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How Much Should Money Influence My Decision?

dekkahsdekkahs Posts: 23Registered User New Member
My family is not in good financial status right now. Chances are I would get a lot of financial aid and have a lot of loans.

Here is my question:

If say I can get into a school like Cornell and graduate with 80k of debt per se, is this more valuable then going to a school like Rutgers and graduating with no debt?
Post edited by dekkahs on
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Replies to: How Much Should Money Influence My Decision?

  • ace550ace550 Posts: 1,089Registered User Senior Member
    $80 K debt is high. I would say ~$40K or lower if you are aiming for AEM. If you are aiming for pre-med, go to Rutgers.
  • mom2collegekidsmom2collegekids Posts: 62,644Registered User Senior Member
    YOU can't borrow that much. YOU can only borrow the following amounts:

    frosh 5500
    soph 6500
    jr 7500
    sr 7500

    To borrow more than that requires QUALIFIED and willing cosigners for four straight years. Since your family has financial issues, it sounds like they won't qualify or be willing.


    Undergrads shouldn't borrow more than about $30k anyway...total.
  • annasdadannasdad Posts: 4,825Registered User Senior Member
    There is NO evidence that a degree from Cornell is worth more than a degree from Rutgers, conventional wisdom and defunct magazine rankings to the contrary. It would be absolutely ludicrous to go $80,000 into debt for any undergraduate institution.
  • oldfortoldfort Posts: 17,052Registered User Senior Member
    I think a good rule of thumb is to borrow no more than your first year potential salary.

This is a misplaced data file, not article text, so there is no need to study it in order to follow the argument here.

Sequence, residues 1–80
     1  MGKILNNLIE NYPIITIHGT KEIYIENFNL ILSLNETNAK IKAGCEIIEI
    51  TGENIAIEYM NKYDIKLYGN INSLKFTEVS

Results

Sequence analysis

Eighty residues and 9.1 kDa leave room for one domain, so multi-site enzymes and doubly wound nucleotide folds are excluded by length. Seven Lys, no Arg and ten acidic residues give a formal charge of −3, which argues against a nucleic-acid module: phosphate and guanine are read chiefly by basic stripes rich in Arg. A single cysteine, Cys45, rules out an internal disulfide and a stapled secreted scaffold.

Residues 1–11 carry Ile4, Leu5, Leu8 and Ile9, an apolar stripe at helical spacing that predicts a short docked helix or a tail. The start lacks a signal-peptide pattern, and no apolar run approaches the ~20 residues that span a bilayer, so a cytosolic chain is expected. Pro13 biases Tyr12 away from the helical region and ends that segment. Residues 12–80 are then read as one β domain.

Contrary to what annasdad is saying, check out both schools' job and graduate school placement, you will see that they are very different. At the end of the day, you need to worry about what you'll be doing after graduation. To me, that's how I value a college education. For some people it is the piece of paper it is printed on.
  • cptofthehousecptofthehouse Posts: 24,940Registered User Senior Member
    If you are eligible for a lot of financial aid, Cornell might come up with it with limited loans. Though, Rutgers is a lot less expensive, it is less likely to come up with a full need package. It comes down to the bottom line of what it will cost you at either school. Are your family's financial issues such that you would be eligible for a lot of financial aid? Check out th NPC for Cornell. It is pretty accurate.

    At this point, you can look at all of the options and see what fits you the best when all of the prices are right out there. You may not be able to borrow more than the $5500 that Direct loans allows Students to borrow freshman year. Your parents could try PLUS, but if they have outstanding bills, they may not pass muster and private loans will require a credit worthy co signer. So the whole loan thing may be moot anyways. It's not like there are many, or any options for an 18 year to be able to borrow money.
  • annoyingdadannoyingdad Posts: 2,157Registered User Senior Member
    Contrary to what annasdad is saying, check out both schools' job and graduate school placement, you will see that they are very different.

    However, those stats don't show causation. A student who qualifies for admission to Cornell is likely to achieve the same outcome at Rutgers in most fields, given the same effort and performance at each school.
  • oldfortoldfort Posts: 17,052Registered User Senior Member
    Not necessary. If a lot of those firms do not recruit at Rutgets then those execellent students may not get the opportunity to be recruited at those firms.
  • ExhaustedDadExhaustedDad Posts: 184Registered User Junior Member
    The "new norm" of taking out tens of thousands of dollars in loans is absurd, particularly if you are graduating with a degree in the social sciences. That being said, dekkahs doesn't indicate what his or her major will be.
  • vonlostvonlost Posts: 13,745Super Moderator Senior Member
    I'm afraid the "new norm" of $30K in loans (the federal amount) over four years is more or less standard, part of most aid packages.
  • ExhaustedDadExhaustedDad Posts: 184Registered User Junior Member
    vonlost, it's only the new norm because of the ease of obtaining college loans and the over supply of students applying to colleges. When tuition rises at a rate twice that of inflation then the college presidents (or regents) should be called before congress to testify as to why this is happening (of course, this will never happen, since they aren't portrayed by the media as big, bad corporations, banks or Wall Street tycoons). Just my opinion :)